1. Chastity is Beautiful: I love chastity! I discovered its meaning in the Catholic Catechism—‘the successful integration of sexuality’ (#2337) within us, which occurs as faith guides and liberates our bodily longing for connection with others. What could be better than the power of our sexuality under the kind kingship of Jesus? Could it be that His generous self-giving might become ours in the realm of our bodily desires? Beautiful!

2. Chastity is honorable: People we love most are honored when we aspire to chastity. It means we are making decisions for another’s best interests. Chastity creates a ‘highway to holiness’ in the unseen realm of our thoughts and affections. In that way, chastity frees us to honor God ‘in our inmost parts’ (PS 51) and to prepare a way for generations-to-come to discover chastity and its benefits.

3. Chastity is Hard: Our world is crammed with values and symbols that disintegrate our sexuality. When we worship the creature and its demands, we split off from our Creator and become agitated and selfish. It takes effort and training to discover the One who composes us amid the moral storm and grants us peace. Inspired chastity frees us to say: ‘When I am in the storm, the storm is not in me.’ (Matt Redman)

4. Chastity requires Help: Chastity is at once a gift from God and a hard-won goal. Toward that end, we can humble ourselves and welcome the help of brothers and sisters. As sins against chastity love the darkness, we can come into the light of sweet fellowship and partner with fellow sinners equally committed to sainthood. The unchaste provoke relational brokenness; those committed to chastity create wholeness in community, beginning with the honest expression that ‘I am not where I want to be…’

5. Chastity requires Prayer: Jesus always hears ‘the cry for mercy.’ When we are bound to sins against chastity, we know deeply the shame and pain of our brokenness. We can know deeper still the cry for mercy which invites Jesus Himself to lift us from the mire and to help us discover the sure ground of chastity. Let us do so together this Lent.

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Son-Stroke

‘The Spirit sent Jesus into the desert, and He was there forty days, being tempted by Satan. He was with the wild animals, and angels attended Him.’ (MK 1: 12, 13)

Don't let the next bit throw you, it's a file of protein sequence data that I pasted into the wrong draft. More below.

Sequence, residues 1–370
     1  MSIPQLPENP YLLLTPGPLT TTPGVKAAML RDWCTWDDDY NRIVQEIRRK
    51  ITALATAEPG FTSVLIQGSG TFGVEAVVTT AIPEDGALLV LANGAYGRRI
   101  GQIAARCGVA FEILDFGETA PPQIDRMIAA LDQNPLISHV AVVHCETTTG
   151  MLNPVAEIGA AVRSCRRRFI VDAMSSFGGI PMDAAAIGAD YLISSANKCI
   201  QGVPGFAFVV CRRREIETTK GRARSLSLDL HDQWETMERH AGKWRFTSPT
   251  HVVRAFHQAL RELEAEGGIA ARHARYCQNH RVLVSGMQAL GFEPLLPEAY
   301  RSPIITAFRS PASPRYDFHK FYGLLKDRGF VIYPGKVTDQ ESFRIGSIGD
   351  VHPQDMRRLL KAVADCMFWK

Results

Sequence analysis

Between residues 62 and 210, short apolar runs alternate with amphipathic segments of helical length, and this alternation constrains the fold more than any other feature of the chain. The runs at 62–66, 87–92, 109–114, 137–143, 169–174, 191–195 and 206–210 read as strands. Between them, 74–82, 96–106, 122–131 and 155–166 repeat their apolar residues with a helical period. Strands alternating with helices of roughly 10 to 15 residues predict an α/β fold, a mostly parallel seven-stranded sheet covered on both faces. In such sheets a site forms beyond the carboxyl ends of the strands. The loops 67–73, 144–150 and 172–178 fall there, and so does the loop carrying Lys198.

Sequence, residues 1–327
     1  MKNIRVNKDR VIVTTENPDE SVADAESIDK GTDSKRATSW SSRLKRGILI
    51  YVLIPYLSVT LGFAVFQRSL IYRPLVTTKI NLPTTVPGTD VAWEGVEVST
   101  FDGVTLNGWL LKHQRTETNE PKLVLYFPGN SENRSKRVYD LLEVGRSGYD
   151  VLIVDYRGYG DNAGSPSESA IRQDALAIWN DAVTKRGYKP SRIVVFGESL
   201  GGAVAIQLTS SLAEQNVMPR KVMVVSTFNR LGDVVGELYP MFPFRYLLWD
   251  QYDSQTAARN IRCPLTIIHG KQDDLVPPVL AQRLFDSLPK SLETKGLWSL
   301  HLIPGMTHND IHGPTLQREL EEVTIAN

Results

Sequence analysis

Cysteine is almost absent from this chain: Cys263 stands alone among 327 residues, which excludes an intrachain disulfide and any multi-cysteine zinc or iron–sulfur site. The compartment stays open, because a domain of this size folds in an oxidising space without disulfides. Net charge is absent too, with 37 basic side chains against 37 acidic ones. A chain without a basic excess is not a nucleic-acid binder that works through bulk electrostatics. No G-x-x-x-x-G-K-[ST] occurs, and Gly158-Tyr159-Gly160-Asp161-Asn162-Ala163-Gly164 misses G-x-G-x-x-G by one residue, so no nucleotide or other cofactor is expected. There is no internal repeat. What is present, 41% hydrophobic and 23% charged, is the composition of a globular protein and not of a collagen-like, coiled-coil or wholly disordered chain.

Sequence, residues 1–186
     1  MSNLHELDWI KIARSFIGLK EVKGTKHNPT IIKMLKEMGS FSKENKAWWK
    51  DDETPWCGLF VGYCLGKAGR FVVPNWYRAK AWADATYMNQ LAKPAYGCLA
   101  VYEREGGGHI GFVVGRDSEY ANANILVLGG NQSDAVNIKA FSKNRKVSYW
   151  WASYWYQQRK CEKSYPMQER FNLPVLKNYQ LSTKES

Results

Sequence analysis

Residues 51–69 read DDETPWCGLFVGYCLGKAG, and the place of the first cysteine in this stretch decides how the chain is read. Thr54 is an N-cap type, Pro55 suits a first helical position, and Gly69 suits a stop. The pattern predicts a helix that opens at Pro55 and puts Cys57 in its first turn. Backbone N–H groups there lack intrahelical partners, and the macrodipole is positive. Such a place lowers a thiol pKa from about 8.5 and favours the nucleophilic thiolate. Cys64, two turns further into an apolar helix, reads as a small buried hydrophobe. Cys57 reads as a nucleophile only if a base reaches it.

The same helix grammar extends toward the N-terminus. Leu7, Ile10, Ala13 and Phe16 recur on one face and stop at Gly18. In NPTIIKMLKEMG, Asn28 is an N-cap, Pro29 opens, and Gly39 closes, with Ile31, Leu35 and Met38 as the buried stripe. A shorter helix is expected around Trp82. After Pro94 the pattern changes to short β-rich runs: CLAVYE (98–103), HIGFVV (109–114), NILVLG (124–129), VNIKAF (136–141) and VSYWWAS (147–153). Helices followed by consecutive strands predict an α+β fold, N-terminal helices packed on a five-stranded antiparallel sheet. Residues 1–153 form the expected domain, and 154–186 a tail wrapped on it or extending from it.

Lent exposes us, lays us bare. This year, Jesus prepared our Living Waters group to follow Him into the desert by gathering us for an all-day session on Valentine’s Day. Some wept as they considered the painful state of their stalled single lives or distressing marital ones.

We asked ourselves: ‘Is Jesus really enough for us?’ We talked and prayed together about the good gifts He is redeeming; we considered what it means to become authentically chaste and sacrificial offerings that confirm, not confuse, the dignity of others.

We acknowledged the crass and perverse ideas of worldly romance (‘50 Shades of Grey’, everyone?) that reach a fever pitch on Valentine’s; these idolatries drive us then deride us for falling prey once more to the myth that another can save us. Tempted again, we feel the ache and ask ourselves: ‘Are You Jesus really enough?’ He answers us with Lent, an invitation to follow Him into the desert.

He goes before us. We know in theory that He has already conquered the tempter and made ‘the burning sand a pool.’ (IS 35: 7) No matter: He asks us to go where we have not gone before, to pull away from any number of noisy distractions in order to face the One. Though we may have taken Lent seriously before, we have never faced these demons in this desert in the winter of 2015. Our world has revolved once more and we run the risk of devolving into yet another shade of gray unless we allow Him to refine us.

He does so by allowing us to face our hearts and to ask Him: ‘Jesus, are You really enough? If my single status does not change, or if my marriage does not improve, will I still trust You as the lover of my soul? Will I hold fast to Your call to stay true to You and others in my innermost thoughts, even as the onramps for adultery multiply?’

Jesus’ desert teems with wild beasts that seek to prey upon our deepest hungers, and angels who urge us to pray to the One; it is a place where our loneliness is exposed and where God alone can become our sufficiency.